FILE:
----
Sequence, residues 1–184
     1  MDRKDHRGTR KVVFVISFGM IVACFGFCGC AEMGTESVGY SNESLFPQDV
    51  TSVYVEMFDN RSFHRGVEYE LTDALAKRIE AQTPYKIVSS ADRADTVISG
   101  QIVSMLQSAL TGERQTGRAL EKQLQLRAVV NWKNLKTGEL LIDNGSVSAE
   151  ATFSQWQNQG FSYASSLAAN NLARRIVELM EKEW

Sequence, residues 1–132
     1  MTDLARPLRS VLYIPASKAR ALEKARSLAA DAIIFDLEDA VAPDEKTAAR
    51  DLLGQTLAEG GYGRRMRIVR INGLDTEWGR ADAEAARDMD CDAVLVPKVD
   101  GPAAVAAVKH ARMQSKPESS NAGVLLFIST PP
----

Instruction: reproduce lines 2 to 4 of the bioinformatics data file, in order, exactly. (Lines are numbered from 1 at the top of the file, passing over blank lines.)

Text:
     1  MDRKDHRGTR KVVFVISFGM IVACFGFCGC AEMGTESVGY SNESLFPQDV
    51  TSVYVEMFDN RSFHRGVEYE LTDALAKRIE AQTPYKIVSS ADRADTVISG
   101  QIVSMLQSAL TGERQTGRAL EKQLQLRAVV NWKNLKTGEL LIDNGSVSAE